How to Change Your Name
Whether you’re newly wed or newly single, if you opt to change your name, your new life will start with a big old mess of paperwork. After getting certified copies of your marriage certificate or divorce decree, you’ll need to get a new Social Security card, driver’s license (costs vary by state), passport ($110, if your current one is more than a year old), voter registration card and, if necessary, professional license.
You’ll also have to alert your employer’s benefits office and any other professional contacts, such as clients and vendors. And you’ll want to notify the U.S. Postal Service, your banks, lenders, brokerages, utility providers, insurers, doctors’ offices, family, friends and, of course, Facebook.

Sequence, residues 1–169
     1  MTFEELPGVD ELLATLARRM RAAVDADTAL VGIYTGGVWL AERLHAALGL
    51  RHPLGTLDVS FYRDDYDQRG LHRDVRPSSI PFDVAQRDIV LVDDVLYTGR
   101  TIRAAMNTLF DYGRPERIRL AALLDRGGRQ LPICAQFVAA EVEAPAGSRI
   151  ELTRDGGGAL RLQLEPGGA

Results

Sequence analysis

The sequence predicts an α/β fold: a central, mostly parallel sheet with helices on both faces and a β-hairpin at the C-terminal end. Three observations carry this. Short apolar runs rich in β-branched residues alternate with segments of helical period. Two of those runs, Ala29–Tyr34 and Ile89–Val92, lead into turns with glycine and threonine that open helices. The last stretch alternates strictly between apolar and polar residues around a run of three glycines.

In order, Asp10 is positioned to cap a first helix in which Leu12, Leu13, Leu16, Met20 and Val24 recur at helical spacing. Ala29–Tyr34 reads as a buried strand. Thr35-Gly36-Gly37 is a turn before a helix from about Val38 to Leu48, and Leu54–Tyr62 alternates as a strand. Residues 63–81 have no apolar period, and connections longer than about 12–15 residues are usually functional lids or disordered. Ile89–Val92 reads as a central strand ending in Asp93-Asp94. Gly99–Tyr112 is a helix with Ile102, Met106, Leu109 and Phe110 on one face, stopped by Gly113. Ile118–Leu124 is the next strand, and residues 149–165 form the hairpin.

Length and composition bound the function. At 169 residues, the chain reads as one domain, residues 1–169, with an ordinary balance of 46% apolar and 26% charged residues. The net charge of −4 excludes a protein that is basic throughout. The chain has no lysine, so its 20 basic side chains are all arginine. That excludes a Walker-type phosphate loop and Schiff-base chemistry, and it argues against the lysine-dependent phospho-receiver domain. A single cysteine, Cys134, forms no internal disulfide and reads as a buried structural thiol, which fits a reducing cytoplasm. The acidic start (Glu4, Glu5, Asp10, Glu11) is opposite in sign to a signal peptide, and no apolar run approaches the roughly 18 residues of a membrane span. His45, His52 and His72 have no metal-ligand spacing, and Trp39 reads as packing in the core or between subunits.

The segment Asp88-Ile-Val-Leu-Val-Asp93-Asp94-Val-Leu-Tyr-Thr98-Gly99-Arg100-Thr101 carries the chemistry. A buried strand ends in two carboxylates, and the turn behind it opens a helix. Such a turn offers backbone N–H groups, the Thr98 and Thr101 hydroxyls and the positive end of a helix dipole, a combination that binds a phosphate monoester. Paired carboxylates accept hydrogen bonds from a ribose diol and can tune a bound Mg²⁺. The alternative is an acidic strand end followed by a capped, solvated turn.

At MissNowMrs.com and GetYourNameBack.com, name-change packages provide you with all of the necessary government forms and notification letters. You just answer some questions once, and all of the documents auto-fill with your information. The services (each costs $30) also include detailed instructions for filing each form.
After a divorce, once you’ve registered your new identity, be sure your finances are no longer wed. Ginita Wall, a financial planner and co-founder of Wife.org, recommends closing joint accounts and opening individual ones under your new name -- an especially important move for any shared credit cards.
This article first appeared in Kiplinger's Personal Finance magazine. For more help with your personal finances and investments, please subscribe to the magazine. It might be the best investment you ever make.